When I was a kid, I told an outrageous lie: that my grade school principal was going to pay me .25 cents for each piece of garbage I picked up at the school. My parents immediately saw it for the fiction that it was.
Unfortunately, people on the net aren’t quite so observant when it comes to heart-pulling e-mail scams such as this one, which promises that AOL will donate 5 cents for every email forwarded to treat an infant with brain cancer.
Here’s her e-mail allegedly sent out by her mom:
Date Collected: 9/10/2002
Hello, My name is Krista Marie and I have anew born baby named Natalie. She means the world to me, and just resently, the doctors have discovered that my little Natalie has Brain Cancer. Unfortunatly my husband and I don’t have the money to pay for the bill. But my husband and I have worked out a deal with AOL and they have agreed to give us 5cents to each person that recived this e-mail. So please, forward this to everyone you know, and help out my little Natalie and I.
There are two kinds of e-mail tracking scams worming their way through the Internet: ones that pull at your purse strings, and ones that pull at your heart strings.
The purse-string variety tries to get you to annoy your friends through promises to give you money (or gift certificates or free M&Ms or just about anything else you could want) for every e-mail you forward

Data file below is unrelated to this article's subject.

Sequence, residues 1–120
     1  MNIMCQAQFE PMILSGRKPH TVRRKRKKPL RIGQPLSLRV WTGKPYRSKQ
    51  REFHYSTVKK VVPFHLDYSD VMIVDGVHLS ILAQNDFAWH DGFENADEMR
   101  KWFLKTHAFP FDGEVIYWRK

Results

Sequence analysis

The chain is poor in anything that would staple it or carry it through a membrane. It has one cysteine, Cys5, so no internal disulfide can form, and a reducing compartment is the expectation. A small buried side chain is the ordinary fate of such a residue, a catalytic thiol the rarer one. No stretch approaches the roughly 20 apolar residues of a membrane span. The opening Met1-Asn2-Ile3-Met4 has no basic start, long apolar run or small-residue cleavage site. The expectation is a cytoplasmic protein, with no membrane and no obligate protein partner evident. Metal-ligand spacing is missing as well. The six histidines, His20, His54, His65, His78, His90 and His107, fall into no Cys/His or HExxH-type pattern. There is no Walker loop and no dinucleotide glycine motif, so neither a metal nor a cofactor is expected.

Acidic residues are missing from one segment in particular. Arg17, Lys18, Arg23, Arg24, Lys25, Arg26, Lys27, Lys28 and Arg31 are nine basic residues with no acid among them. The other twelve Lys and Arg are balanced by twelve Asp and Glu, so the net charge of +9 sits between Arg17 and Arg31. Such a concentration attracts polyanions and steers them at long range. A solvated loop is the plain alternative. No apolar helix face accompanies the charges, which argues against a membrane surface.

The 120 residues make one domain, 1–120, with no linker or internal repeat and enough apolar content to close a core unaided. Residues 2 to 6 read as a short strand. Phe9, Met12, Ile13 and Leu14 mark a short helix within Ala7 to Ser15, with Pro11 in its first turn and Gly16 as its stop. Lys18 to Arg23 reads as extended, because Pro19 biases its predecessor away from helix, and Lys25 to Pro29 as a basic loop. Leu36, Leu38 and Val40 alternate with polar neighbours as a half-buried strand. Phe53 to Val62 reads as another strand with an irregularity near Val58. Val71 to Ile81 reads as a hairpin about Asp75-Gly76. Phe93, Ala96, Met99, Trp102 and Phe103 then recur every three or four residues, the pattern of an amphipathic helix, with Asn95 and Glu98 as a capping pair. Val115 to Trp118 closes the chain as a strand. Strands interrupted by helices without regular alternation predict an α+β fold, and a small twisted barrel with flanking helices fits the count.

Heart-string scams like the “Natalie” e-mail appeal to the readers compassionate sides, and are usually so gut-wrenchingly sad that people feel that if they don’t forward the e-mail they’ll be as cold and heartless as Hitler himself.
Both varieties, however, are equally fraudulent. There are no major companies — not AOL, not ZDNET, not even Microsoft, which is paying people to forward e-mail. Not only do such e-mail tracking programs not exist, but any company that tried such promotions would quickly go bankrupt thanks to the wonders of exponential growth (when five people send five e-mails to five of their friends, who proceed to send it to five of their friends, who repeat the process all over again, the costs quickly grow astronomical).
As for little Natalie’s e-mail, a quick check of AOL’s Web site quickly finds no stories hyping such a public-relations friendly story as this one, which is surprising for a company as desperately in need of some warm, fuzzy good news as this one.
Further, there have been no news stories trumpeting AOL’s benevolence, as one might expect. The American Cancer Society, which a concern individual might expect would be interested in promoting such a program, makes no mention of it. (it does, however, have a nice page debunking various cancer-related e-mail hoaxes (Internet Archive))
In the end, there’s not one thread of proof supporting this hoax, and plenty of circumstantial evidence against it.
You can read more debunkings by visiting these Web sites:
- Snopes.com: Natalie: A brief debunking of this hoax, with links to debunkings of similar hoaxes.
- American Cancer Society: Rumors, Myths and Truths: While they have nothing on this particular hoax, they’ve got plenty of information debunking other notorious cancer-related hoaxes.